Snohomish County Public Utility District and Sno-Isle Libraries continue their partnership to offer free electricity watt meters for checkout at area libraries through late fall.  The devices can help library patrons assess where they’re wasting energy.  The meters will be available at the Marysville Library in September, Stanwood in October and Mukilteo in November. (Snohomish County Business Journal [Everett], 9.2010)

Raymond Timberland Library presents computer classes by appointment, for adults and teens. Call the library to set up a one-hour lesson in basic computer use, the Internet, Microsoft Word, Excel, Publisher, library catalog or library databases.  Classes are free of charge. (Chinook Observer [Long Beach], 9.1.10)

The Orcas Island Public Library will be offering classes for islanders this coming fall.  In September, both “Compassionate Communication” and “My Back Pages, Getting Started in Genealogy and Family History” will take place.  In October, “Over-wintering and Backyard Birds” and the play “Antony and Cleopatra” will be offered.  (The Island Sounder [Eastsound], 9.1.10)

To most adults, years of everyday, fluent reading can obscure those early struggles with words.  The San Juan Island Library, however, has not forgotten. The library’s Island Tail Tutor program accommodates young and shy readers, encouraging confidence by allowing children to read to dogs.  The program was formed as a partnership between the library and the Friday Harbor Animal Shelter. (Photo) (The Journal of the San Juan Islands [Friday Harbor], 9.1.10)

For the last two summers here at The Chronicle we have joined with a number of businesses, the North Central Regional Library District and others to encourage children to read. This summer, British Columbia children’s author and artist Sol Enticia Alhstraum also joined us to bring young readers “Elkhorn,” a serial story that takes place in the Okanogan. (The Omak-Okanagon County Chronicle, 9.1.10)

The Ritzville Public Library has modified its Food for Fines program after the state auditor noted.”Although many libraries have Food for Fines programs, a strict interpretation of the RCW does not allow it.  If we restrict it to a month, it will be acceptable.”  The staff suggested running the program for two weeks in January and July when food bank donations are low.  The board agreed by consensus.  (Ritzville-Adams County Journal, 9.2.10)

ESL Talk Time resumes at the Mountlake Terrace Library, a part of Sno-Isle Libraries, on Tuesday, September 7, and continues on Tuesdays and Fridays at 10 a.m. Talk Time is an opportunity for adults who are learning English to practice speaking English with each other in a casual environment. A trained ESL (English as a Second Language) instructor is on hand to give input and keep the conversation going. (The Edmonds Beacon, 9.2.10)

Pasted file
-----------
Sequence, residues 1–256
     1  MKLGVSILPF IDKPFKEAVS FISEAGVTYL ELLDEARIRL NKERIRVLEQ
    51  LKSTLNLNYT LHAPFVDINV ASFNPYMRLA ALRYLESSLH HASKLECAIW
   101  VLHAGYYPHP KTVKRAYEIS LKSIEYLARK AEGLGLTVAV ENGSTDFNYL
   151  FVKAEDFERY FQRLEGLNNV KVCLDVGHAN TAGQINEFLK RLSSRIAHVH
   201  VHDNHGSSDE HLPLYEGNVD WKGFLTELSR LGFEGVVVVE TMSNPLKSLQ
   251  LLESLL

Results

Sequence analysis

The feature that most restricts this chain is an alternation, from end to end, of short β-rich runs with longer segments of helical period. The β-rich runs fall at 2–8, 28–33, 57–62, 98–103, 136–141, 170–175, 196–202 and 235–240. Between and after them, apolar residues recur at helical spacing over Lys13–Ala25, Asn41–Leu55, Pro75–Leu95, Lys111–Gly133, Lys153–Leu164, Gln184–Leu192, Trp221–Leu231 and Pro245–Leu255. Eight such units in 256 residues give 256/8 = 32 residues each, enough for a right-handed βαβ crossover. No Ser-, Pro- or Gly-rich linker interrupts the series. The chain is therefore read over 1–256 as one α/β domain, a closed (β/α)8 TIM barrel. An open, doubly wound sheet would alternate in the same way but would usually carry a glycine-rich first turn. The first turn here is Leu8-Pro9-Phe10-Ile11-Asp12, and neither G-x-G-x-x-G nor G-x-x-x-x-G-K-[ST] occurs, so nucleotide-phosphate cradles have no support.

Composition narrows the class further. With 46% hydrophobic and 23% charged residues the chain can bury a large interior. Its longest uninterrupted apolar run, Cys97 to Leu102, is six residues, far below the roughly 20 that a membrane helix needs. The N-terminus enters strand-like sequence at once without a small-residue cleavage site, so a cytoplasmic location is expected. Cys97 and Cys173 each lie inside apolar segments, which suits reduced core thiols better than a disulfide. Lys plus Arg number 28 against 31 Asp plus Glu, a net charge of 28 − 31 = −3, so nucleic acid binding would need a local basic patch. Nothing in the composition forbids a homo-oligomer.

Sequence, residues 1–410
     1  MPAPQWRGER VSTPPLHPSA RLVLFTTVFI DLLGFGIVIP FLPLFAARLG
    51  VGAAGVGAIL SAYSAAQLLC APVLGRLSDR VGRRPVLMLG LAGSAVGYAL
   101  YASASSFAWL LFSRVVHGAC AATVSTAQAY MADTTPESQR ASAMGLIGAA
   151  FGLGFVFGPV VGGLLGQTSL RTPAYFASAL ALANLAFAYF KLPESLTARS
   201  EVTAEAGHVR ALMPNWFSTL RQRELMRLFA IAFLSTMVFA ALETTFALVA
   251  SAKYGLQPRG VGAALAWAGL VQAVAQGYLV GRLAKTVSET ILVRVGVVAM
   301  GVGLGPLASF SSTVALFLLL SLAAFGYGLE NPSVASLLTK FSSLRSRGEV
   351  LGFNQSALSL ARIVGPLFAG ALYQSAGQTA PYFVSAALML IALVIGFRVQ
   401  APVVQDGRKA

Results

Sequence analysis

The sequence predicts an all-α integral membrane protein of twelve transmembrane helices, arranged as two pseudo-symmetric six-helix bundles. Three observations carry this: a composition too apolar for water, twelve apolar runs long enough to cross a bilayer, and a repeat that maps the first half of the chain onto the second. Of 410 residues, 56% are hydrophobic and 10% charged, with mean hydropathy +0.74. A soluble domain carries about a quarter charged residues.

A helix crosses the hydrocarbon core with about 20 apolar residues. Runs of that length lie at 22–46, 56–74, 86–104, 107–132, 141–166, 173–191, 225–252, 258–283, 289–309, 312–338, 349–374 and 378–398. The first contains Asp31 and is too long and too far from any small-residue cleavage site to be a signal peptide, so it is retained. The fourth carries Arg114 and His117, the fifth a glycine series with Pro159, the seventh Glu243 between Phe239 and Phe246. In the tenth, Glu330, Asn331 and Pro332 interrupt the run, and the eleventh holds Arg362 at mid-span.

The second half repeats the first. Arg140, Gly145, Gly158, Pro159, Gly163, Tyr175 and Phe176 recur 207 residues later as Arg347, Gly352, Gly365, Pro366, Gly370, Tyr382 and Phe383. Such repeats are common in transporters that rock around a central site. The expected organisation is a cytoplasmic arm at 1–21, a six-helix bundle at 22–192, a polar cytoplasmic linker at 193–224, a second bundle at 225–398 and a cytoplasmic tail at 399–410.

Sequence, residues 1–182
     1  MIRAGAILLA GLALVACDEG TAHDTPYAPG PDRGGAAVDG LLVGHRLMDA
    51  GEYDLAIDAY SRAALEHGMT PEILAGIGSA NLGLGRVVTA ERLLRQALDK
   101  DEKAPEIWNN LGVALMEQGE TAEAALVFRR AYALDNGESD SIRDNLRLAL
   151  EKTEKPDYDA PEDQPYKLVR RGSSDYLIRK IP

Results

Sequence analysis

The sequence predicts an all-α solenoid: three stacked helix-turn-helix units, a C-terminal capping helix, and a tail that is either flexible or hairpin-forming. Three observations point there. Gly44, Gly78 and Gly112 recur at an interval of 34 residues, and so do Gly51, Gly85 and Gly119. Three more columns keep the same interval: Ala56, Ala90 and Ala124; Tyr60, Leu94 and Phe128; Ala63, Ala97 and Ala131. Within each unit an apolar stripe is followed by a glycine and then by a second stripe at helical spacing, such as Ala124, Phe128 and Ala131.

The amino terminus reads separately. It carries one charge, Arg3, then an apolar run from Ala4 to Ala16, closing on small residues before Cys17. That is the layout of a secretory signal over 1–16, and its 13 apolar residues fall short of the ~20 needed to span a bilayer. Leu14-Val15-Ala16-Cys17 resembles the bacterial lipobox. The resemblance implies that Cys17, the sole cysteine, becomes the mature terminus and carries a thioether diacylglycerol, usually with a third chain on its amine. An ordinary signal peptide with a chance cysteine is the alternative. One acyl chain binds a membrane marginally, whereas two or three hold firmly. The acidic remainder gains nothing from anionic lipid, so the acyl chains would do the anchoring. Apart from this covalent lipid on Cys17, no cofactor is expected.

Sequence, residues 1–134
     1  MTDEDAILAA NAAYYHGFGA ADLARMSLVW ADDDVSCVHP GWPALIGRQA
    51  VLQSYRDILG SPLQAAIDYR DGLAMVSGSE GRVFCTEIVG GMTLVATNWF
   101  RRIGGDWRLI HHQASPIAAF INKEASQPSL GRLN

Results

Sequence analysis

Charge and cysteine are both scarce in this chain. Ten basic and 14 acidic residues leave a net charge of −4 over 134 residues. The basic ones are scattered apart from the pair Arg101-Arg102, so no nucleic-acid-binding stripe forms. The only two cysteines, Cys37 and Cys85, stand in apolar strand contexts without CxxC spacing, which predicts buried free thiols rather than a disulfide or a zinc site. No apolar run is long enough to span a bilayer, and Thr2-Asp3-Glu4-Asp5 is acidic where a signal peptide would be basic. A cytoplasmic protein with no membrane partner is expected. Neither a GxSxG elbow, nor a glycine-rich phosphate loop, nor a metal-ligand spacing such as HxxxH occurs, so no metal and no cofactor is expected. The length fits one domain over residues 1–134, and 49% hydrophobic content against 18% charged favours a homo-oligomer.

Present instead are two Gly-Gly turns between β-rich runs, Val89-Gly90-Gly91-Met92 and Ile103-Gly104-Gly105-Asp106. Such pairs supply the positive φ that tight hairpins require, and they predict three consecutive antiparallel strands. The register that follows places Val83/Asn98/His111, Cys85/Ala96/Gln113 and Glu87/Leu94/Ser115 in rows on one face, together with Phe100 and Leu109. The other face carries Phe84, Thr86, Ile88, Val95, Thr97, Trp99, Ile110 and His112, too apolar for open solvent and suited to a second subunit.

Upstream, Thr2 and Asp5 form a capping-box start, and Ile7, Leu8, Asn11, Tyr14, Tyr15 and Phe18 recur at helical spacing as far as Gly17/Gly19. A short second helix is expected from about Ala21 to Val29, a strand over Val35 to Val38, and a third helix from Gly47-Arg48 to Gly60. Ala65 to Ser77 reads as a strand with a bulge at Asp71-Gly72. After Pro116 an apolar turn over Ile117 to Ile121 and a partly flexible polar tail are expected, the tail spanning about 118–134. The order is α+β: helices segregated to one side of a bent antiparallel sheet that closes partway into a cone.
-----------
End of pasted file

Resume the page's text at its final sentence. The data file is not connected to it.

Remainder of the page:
Economy/Hard Times

As of this week, Liberty Lake Municipal Library patrons who live outside the city will need to pay when getting a new library card and all patrons will be charged for inter-library loan requests.  The new changes are part of the library’s efforts to cut back in tough economic times – yet continue to meet the community’s growing needs, library staff said. The irony of the library’s budget challenge is that when the economy falters, library usage typically rises. (Photo) (Liberty Lake Splash, 9.2.10)

For the second consecutive biennial budget year, the Walla Wall Public Library is looking at a shortfall that threatens a reduction in hours. And just like in 2008, when the last biennial budget was worked out, that revenue shortfall centers on the city’s reimbursement contract with the Walla Walla County Rural Library District. The Rural Library District is trying to negotiate a reduction in the amount it pays the city to provide library cards to residents who live in the unincorporated areas immediately surrounding the city. (Walla Walla Union Bulletin, 9.5.10)

[This summary of library news was created by Bobbie DeMiero and Leanna Hammond of the Washington State Library Division of the Office of the Secretary of State.  It represents a selection of newspaper clippings about Washington libraries from all Washington newspapers received in the packets on the dates shown. For more information about any of these stories, contact Carolyn Petersen at 360.570.5560 or [email protected] ]

One thought on “Clippings, September 10, 2010

  1. “As of this week, Liberty Lake Municipal Library patrons who live outside the city will need to pay when getting a new library card and all patrons will be charged for inter-library loan requests” Outrageous law.